The House bill also specified nonpartisan elections for Mayor and Council. In the open general election, the top vote-getter would win only if he or she received at least 40% of the votes. Otherwise, there would be a runoff 21 days after the election. For elections for 1 person (like ward councilmember or mayor), the 2 top finishers would participate in the runoff; for at-large elections with 2 to be elected, the runoff would involve the top 3. (2347)
The House's version put elections in November of even-numbered years that aren't Presidential election years (where they are today), but the Senate placed them on Presidential years with primaries in September.
Both these bills leave much to be desired; to my thinking, elections should be partisan, without runoffs (only Southern states have them) in even numbered non-Presidential years, with primaries in September and generals in November ... with no runoff (like Seattle). (2891)Business, labor, parties all favored partisan elections
Most local groups favored partisan elections as well. Rep. Donald Fraser (D-MN, b. 1924, US Rep. 1963-1979, Mayor of Minneapolis 1980-1993) said that "Testimony before the House District of Columbia Committee was overwhelmingly in favor of party designation for these elections."
Walter F. McArdle, president of the Metropolitan Washington Board of Trade, spoke in favor of partisan elections, as did George Apperson, president of Greater Washington Central Labor Council, who told the committee:
We think it would be wrong to prohibit partisan politics in elections in the District of Columbia. Partisan politics helps to focus responsibility and that's what we need in the DistrictThe DC Republican Party also agreed, saying, "There is no question but the present political parties in the District of Columbia can provide the machinery by which a candidate aspiring to office can best bring his or her views of the electorate." So did the League of Women Voters.
— responsible politics and responsible government.
Fraser concluded, "In my own State of Minnesota, nonpartisan elections for mayor and city council in the large cities did not work well. The State legislature has reinstated party designation. I believe this is wise. (1684)
Hatch Act drove push for nonpartisan elections
If so many people supported partisan elections, how did the House pass a bill with nonpartisan? The committee reported out a bill with partisan elections, but a dissenting commentary from a number of Republicans who opposed a great many provisions of the bill (including Arlington, Virginia Rep. Joel Broyhill, 1919-2006, US Rep. 1953-1974), argued for nonpartisan:
Based on information recently provided by the United States Conference of Mayors' that a total of 152 cities with populations over 100,000, 92 or 60% conduct nonpartisan elections, 49 or 32% conduct partisan elections, and for 11 cities the information is unknown. ... Several such cities with nonpartisan elections are Detroit, Seattle, Oakland, Cleveland, Milwaukee, San Francisco, San Diego, San Antonio, Memphis, and Columbia.The subcommitee and committee markup sessions don't include a lot of debate over the merits of partisan or nonpartisan elections, but they do contain voluminous debate over the Hatch Act, which prohibits federal employees from participating in partisan political activity.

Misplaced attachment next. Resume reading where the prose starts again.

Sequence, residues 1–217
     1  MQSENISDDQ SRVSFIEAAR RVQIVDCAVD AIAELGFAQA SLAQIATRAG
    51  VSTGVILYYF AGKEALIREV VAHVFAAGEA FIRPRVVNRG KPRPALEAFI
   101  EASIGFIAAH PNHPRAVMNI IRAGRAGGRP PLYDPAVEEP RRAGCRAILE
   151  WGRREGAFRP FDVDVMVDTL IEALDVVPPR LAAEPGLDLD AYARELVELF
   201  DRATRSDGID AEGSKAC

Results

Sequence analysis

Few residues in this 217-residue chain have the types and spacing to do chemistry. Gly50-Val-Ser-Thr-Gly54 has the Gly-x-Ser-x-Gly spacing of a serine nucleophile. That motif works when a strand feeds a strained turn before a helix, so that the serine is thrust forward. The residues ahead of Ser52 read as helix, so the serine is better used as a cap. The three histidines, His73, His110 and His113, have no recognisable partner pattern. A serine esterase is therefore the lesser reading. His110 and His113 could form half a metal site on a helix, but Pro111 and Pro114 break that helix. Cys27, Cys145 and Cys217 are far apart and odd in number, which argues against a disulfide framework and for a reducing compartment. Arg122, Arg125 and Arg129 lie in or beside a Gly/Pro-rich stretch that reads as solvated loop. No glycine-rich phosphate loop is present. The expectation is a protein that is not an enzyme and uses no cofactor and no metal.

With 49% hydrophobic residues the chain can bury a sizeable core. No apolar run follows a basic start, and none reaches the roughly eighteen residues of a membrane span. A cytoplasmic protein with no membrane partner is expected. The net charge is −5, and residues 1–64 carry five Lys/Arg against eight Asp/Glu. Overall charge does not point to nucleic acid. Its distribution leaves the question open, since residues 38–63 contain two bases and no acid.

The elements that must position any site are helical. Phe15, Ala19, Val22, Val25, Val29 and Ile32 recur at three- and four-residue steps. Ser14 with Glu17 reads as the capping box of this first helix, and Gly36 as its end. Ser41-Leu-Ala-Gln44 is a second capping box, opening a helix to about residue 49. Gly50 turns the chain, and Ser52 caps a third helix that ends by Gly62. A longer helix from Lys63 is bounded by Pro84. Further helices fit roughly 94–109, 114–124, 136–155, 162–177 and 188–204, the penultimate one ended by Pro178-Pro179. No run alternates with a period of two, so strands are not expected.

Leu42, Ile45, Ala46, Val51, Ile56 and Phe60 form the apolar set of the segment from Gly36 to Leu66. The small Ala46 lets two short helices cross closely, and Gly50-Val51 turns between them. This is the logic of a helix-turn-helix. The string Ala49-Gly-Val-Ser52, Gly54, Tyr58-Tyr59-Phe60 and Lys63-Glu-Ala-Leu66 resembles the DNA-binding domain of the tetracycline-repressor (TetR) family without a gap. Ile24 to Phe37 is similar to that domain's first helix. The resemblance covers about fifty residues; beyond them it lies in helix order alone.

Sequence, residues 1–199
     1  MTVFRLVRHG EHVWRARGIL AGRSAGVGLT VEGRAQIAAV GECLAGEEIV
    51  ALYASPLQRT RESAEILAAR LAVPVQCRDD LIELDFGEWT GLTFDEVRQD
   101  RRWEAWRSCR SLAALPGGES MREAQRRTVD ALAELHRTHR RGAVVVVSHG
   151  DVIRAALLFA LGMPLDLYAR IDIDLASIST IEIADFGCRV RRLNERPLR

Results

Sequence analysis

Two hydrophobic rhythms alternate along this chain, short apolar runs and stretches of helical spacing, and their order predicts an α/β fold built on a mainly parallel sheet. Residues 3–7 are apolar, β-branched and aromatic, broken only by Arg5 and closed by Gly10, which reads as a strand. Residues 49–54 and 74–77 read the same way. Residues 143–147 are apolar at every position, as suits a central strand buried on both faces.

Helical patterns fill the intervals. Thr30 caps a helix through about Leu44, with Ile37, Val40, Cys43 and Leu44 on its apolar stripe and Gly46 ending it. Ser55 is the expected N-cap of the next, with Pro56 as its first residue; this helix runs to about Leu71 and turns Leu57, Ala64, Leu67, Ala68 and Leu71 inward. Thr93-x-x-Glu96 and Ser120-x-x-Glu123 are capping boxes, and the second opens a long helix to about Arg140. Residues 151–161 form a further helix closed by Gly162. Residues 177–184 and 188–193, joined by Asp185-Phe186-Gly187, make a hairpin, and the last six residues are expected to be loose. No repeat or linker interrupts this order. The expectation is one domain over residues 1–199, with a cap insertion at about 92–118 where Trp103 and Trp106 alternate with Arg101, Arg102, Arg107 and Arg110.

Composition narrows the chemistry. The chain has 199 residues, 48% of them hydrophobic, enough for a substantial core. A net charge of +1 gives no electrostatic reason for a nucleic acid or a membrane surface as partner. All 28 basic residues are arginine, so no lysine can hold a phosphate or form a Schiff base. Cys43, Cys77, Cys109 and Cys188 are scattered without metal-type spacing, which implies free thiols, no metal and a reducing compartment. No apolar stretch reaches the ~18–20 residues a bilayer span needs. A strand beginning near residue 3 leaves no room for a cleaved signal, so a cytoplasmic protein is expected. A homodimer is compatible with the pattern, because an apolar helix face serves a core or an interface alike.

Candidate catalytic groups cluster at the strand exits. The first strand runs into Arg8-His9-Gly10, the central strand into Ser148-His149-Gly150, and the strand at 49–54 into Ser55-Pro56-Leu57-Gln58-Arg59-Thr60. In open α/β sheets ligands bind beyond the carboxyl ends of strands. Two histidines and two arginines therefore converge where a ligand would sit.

It would appear that in a city such as Washington, D.C., which is the Nation's Capital, where the Federal and local interests are so inextricably interwoven, that nonpartisan elections would best serve the interests of the Federal government, as well as the local residents. ...
It is doubtful if other cities of the size of the District of Columbia have as many Federal employees within their boundaries. Obviously, the drafters of this legislation recognized this in trying to amend the Hatch Act and permit the Federal employees to be partisan political candidates for the office of Council Member and Mayor. How much better it would be to avoid the question of amendment of the Hatch Act, which as is argued elsewhere in these views would undoubtedly result eventually in the repeal of the Hatch Act in its entirety, and hold the elections, in the District of Columbia, if authorized, on a nonpartisan basis. (1585-1586)
During Senate debate, then-freshman Senator Pete Domenici (R-NM, Senator 1973-2009), said, "in the District of Columbia, 135,141 or 40% of voters would be subject to Hatch and unable to actively participate in the election process."
In fact, the Civil Service Commission issued an opinion that the then-sitting Mayor and City Councilmembers, who were federal appointees at the time, "would have to resign in order to run for office" under the new Home Rule system. (3613) Congress amended the Home Rule Act in 1974 to exempt the mayor and councilmembers from the Hatch Act, but problems with the way the Hatch Act applies to DC continue to this day.